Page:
Title: Late-Life Depression: A Role for Accelerometer Technology in Diagnosis and Management

Authors: Ipsit V. Vahia, M.D., Daniel D. Sewell, M.D.

Affiliations: From the Department of Psychiatry and the Center for Healthy Aging, University of California, San Diego, and the Division of Geriatric Psychiatry, McLean Hospital, Belmont, Mass. (I.V.V., D.D.S.).

Disclosures: Dr. Sewell has served as an advisory board member for ActivCare and has been a co-investigator on studies supported by grants from the Health Resources and Services Administration (Geriatric Workforce Enhancement Program) and from the John A. Hartford Foundation. Dr. Vahia receives an honorarium for his role on the editorial board of the American Journal of Geriatric Psychiatry.

Discussion of unapproved or investigational use of products*: Yes.

*APA policy requires disclosure by CME authors of unapproved or investigational use of products discussed in CME programs. Off-label use of medications by individual physicians is permitted and common. Decisions about off-label use can be guided by scientific literature and clinical experience.

Program Planners

Robert Freedman, M.D. (Editor-in-Chief, AJP); Susan K. Schultz, M.D. (Deputy Editor, AJP); Michael D. Roy (Editorial Director, AJP) ; Michael A. Pogachar (Online Content Manager, Journals).

Dr. Schultz has received research support from the Alzheimer’s Disease Cooperative Study for projects conducted in partnership with Toyama Chemical Company and in partnership with Eli Lilly and Company. Dr. Freedman, Mr. Roy, and Mr. Pogachar report no financial relationships with commercial interests.

Hardware/Software Requirements

This internet-based CME activity is best experienced using Internet Explorer 8+, Mozilla Firefox 3+, Safari 4+. This Web site requires that JavaScript and session cookies be enabled. Certain activities may require additional software to view multimedia, presentation, or printable versions of the content. These activities will be marked as such and will provide links to the required software. That software may be: Adobe Flash, Adobe Acrobat, Microsoft PowerPoint, and Windows Media Player.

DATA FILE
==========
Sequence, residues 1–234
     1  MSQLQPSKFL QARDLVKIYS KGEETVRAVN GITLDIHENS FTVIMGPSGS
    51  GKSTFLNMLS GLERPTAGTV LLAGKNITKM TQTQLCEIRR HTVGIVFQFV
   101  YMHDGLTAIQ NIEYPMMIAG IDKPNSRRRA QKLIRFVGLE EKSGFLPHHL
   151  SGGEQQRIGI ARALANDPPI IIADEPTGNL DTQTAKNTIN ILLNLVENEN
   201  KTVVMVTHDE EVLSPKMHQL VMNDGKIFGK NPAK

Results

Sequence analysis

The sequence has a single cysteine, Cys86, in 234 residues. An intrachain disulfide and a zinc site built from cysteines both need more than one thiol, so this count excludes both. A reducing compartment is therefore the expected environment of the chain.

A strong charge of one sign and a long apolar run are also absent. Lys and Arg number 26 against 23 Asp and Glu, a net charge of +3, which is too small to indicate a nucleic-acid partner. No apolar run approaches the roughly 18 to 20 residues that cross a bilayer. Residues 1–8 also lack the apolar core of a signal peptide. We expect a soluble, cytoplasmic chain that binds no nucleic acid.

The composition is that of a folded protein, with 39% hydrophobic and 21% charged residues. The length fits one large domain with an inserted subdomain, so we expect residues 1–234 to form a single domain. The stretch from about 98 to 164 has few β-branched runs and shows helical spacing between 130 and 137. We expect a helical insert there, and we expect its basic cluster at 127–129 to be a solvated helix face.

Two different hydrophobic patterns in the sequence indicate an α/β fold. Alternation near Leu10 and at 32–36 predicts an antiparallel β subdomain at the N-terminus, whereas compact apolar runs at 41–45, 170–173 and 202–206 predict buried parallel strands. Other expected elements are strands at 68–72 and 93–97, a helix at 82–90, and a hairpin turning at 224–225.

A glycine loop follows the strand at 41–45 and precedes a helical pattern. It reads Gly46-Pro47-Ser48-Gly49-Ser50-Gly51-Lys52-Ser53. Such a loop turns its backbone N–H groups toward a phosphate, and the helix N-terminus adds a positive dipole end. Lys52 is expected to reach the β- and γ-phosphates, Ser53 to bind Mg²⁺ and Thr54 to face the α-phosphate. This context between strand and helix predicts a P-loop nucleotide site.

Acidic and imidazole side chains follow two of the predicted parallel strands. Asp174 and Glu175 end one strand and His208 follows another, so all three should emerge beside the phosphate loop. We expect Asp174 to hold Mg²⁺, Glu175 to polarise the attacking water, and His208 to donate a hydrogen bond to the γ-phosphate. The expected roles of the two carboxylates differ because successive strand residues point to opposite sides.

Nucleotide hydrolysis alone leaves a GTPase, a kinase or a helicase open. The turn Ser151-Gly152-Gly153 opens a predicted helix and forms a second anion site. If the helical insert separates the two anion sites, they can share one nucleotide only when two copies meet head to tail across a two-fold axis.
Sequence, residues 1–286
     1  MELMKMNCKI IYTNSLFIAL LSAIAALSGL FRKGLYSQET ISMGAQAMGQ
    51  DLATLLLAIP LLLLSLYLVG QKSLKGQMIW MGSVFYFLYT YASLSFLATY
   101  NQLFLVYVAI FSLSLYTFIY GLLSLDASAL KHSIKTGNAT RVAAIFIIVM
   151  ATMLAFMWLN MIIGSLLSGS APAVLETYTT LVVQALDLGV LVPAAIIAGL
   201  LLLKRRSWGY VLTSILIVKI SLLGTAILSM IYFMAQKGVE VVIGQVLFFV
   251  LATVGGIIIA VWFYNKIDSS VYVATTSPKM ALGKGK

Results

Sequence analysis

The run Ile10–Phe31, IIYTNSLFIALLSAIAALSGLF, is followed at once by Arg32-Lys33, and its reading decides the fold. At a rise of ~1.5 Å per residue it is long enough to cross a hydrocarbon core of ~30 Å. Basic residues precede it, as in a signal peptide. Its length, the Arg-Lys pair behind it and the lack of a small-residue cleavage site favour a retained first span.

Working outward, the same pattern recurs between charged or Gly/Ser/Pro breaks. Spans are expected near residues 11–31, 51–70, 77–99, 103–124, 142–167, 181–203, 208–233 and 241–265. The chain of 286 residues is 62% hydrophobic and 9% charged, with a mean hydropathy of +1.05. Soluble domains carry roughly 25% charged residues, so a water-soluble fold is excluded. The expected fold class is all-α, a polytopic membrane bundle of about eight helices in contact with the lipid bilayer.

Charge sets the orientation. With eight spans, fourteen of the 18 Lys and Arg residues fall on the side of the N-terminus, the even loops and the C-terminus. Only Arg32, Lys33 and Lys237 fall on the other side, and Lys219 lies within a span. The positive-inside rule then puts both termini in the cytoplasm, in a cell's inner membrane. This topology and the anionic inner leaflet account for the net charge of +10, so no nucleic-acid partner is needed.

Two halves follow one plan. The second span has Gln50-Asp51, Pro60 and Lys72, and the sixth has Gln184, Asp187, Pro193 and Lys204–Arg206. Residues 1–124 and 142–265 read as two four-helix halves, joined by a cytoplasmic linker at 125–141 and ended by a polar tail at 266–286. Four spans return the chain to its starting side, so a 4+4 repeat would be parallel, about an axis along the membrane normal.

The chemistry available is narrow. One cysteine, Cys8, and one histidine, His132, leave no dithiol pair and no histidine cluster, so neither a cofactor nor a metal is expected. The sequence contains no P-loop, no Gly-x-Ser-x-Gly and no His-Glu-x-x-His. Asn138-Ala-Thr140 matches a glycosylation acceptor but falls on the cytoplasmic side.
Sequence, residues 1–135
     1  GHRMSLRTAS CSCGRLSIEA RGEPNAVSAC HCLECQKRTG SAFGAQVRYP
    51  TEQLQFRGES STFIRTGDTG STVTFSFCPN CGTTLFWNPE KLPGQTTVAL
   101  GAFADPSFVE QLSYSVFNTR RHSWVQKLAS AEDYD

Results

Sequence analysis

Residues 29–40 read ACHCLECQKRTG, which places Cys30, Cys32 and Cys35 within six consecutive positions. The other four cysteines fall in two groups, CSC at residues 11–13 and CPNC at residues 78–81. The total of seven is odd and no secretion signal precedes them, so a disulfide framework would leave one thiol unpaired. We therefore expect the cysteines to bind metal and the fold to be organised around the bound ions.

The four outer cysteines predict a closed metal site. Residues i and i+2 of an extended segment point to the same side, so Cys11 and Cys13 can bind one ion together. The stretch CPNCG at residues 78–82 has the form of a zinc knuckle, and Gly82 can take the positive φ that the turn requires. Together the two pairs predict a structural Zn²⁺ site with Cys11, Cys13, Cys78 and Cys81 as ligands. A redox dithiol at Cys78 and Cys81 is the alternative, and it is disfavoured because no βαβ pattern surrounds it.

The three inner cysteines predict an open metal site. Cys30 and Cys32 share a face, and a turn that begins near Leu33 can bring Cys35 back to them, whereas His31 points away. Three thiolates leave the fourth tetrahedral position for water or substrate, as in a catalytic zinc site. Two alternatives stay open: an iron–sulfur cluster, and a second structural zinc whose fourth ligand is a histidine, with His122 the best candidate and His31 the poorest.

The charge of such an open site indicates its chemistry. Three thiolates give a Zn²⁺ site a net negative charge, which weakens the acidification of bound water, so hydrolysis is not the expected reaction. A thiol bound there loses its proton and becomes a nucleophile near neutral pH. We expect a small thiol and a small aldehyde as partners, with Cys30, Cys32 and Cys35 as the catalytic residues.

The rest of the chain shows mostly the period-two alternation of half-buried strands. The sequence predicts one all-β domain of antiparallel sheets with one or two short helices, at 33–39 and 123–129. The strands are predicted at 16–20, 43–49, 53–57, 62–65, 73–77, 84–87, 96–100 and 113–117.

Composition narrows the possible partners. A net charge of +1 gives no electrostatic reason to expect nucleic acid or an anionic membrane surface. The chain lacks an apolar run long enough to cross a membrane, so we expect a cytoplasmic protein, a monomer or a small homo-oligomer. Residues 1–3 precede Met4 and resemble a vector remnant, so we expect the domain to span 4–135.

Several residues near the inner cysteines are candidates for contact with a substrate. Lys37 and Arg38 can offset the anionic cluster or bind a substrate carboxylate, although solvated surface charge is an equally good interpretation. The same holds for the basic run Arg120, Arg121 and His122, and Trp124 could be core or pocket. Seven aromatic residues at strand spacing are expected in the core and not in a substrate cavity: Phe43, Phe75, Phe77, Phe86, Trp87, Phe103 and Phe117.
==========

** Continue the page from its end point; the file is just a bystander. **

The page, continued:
Optimal System Configuration:
Flash Player: Adobe Flash Player 10.1+ 
Browser: Firefox 3+, Internet Explorer 8.0+, Safari 4.0+, or Google Chrome 7.0+ 
Operating System: Windows XP+ or Mac OS X 10.4+ 
Internet Connection: 1 Mbps or higher
Screen Resolution: 1024 x 768 pixels.

Minimum Requirements:
Windows PC:
500-MHz Pentium II; Windows XP or higher; 128 MB RAM; Video Card at least 64MB of video memory; Sound Card at least 16-bit; Macromedia Flash Player 10 or higher, audio playback with speakers for programs with video content; Firefox 1.1+, Internet Explorer 7.0+, Safari 1.0+, Google Chrome, or Opera
Mac OS X 10.3 or higher with latest updates installed; 1.83MHz Intel Core Duo or faster; RAM: 128MB or more; Video Card: at least 64MB of video memory; Sound Card: at least 16-bit